Wednesday, August 27, 2008

Negative & Positive space in design Part 2

This article is intended to demonstrate how to use negative and positive spacial relationships in design. The example I am using actually composes an image in the negative space, creating quite a treat for the viewer.
The example is from a fireplace screen, Fire Dancers, and was designed by Smyth Boone and Robin Boone. All of the drawings are by Robin Boone. The drawings are all full-scale.
Here is the first line drawing that shows the connection of the eight positive "figures"(only two in this photo) which form a circle when laid out. Notice the suggestion of a figure in between the two positive figures.

The line drawing above is not visually clear on the negative and positive attributes that will become the highlight of the design. So... here is a drawing that has been shaded to show the positive(solid) compared to the negative(spaces in between the positive aspects).The negative and positive spacial relationships jump out at the viewer. Now, it appears that the heads and hands of the positive "figures" face each other with their hands extended above their heads forming a suggested circle. This is an example of using positive space to suggest a form in the negative space. The circle in the middle is simply suggested.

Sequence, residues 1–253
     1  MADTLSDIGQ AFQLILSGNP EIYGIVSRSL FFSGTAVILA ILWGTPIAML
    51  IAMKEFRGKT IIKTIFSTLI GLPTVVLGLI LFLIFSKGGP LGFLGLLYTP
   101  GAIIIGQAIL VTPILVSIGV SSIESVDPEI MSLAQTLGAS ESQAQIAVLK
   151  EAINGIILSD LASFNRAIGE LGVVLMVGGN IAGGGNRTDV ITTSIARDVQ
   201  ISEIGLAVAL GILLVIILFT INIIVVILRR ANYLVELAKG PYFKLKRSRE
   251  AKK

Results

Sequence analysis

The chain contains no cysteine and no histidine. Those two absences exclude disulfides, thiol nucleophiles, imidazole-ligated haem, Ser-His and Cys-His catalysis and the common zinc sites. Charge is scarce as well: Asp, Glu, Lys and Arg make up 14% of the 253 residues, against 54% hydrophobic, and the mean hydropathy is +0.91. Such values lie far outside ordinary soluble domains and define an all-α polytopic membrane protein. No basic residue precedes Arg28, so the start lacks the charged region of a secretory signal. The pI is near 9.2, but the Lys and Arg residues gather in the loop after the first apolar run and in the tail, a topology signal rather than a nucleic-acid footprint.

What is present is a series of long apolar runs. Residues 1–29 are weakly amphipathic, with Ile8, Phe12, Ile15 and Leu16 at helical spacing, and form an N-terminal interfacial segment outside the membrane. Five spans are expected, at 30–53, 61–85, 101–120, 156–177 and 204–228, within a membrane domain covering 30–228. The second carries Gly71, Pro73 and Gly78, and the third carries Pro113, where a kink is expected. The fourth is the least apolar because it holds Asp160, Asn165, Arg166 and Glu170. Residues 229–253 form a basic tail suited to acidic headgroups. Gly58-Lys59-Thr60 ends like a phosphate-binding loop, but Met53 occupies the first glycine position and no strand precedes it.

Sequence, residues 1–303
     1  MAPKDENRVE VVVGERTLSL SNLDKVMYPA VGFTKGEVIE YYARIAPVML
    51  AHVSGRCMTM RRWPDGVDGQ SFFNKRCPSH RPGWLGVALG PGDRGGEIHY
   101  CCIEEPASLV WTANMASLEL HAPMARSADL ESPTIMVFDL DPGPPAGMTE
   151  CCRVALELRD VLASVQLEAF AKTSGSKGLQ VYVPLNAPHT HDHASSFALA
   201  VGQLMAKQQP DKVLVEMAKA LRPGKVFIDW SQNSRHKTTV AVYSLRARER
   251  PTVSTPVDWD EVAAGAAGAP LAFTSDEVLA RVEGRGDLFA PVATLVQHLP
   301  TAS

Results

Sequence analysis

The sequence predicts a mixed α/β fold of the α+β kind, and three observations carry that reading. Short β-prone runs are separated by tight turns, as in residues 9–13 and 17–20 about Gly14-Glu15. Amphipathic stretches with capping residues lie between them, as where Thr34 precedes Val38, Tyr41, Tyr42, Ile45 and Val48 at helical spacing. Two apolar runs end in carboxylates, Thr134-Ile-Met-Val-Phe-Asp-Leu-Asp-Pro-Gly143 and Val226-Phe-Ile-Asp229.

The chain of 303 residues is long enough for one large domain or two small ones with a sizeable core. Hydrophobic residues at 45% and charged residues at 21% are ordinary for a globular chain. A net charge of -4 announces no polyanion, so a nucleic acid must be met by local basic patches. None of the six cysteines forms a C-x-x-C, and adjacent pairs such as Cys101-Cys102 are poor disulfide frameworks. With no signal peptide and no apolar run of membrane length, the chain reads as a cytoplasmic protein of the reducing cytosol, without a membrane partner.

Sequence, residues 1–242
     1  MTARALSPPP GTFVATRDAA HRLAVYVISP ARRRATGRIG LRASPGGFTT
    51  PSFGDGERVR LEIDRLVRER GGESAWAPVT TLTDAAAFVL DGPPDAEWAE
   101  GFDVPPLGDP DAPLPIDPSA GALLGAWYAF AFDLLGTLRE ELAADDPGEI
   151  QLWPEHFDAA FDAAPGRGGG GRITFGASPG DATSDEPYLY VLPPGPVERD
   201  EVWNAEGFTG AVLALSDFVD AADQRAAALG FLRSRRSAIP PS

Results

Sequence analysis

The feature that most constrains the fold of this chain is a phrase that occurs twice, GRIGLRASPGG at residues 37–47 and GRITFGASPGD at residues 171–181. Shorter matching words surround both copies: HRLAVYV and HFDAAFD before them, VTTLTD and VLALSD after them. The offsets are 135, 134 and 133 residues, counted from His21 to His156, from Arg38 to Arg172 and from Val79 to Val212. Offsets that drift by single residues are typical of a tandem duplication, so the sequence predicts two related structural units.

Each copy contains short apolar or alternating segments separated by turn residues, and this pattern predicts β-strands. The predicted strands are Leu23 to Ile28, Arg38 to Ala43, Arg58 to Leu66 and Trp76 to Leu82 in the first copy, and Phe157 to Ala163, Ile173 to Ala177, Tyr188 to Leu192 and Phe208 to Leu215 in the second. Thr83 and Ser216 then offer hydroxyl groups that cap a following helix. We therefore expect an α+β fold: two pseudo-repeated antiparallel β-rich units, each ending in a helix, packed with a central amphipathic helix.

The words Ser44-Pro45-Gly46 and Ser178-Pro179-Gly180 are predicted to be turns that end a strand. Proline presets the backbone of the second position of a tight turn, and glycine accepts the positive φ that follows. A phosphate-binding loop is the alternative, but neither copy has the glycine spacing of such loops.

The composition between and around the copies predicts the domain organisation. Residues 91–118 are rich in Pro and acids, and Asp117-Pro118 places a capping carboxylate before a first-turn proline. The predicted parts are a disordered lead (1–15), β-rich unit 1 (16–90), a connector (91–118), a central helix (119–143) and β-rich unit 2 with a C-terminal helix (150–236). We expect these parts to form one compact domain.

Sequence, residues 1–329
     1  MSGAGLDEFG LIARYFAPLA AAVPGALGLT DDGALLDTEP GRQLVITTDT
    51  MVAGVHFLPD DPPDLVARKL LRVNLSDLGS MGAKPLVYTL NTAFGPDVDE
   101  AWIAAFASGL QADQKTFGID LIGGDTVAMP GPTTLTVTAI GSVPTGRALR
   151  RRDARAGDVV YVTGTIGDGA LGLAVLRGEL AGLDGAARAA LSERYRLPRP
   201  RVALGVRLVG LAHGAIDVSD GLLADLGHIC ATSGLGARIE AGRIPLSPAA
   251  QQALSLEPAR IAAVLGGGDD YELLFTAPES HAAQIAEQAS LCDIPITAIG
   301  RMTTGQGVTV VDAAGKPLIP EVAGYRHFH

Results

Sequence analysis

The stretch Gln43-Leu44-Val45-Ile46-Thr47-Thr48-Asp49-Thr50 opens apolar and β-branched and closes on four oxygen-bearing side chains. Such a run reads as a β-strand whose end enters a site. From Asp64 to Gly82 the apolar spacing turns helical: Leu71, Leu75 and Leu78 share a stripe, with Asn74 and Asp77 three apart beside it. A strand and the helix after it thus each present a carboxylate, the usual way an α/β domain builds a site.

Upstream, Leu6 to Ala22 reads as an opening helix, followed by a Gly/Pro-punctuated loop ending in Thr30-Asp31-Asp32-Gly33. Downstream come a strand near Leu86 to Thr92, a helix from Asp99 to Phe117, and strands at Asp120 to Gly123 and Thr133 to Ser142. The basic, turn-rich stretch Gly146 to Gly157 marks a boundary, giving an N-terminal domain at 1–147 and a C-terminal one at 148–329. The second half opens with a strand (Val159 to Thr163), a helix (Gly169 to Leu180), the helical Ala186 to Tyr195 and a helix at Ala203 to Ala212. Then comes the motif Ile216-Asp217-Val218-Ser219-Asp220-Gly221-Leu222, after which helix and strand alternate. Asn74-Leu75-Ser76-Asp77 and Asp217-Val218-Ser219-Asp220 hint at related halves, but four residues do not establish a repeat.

An artist has the ability to force the viewer to look in the direction that he/she intends. In this example, your eyes automatically follow the lines of the positive forms leading you to the center of the design.
Another form that has now shown up is the negative space "figure" in the space between the positive "figures" which is facing away from the middle circle.
So.. not only does this design draw the viewers' eye to the suggested circle in the center, but it also, by using the negative space "figures", draws the viewers' eye back out of the center circle simultaneously. This combination of moving one's eyes in and out simultaneously is a very active, fun, and successful design characteristic.
The drawing below illustrates this point.

Now to show one more cool feature highlighting the negative and positive spacial relationships and the actual function of the piece. Lets add fire to the mix...
The fire constantly changes and moves highlighting the positive and negative spacial relationships.
The use of positive and negative spacial relationships is quite an asset to the artist and can make very interesting and intriguing art that pleases both the viewer and the artist.

Smyth Boone

1 comment:

Alison Du Bois said...

Great blog, Smyth! This post is fantastic ~ best wishes on your new catalog, too :)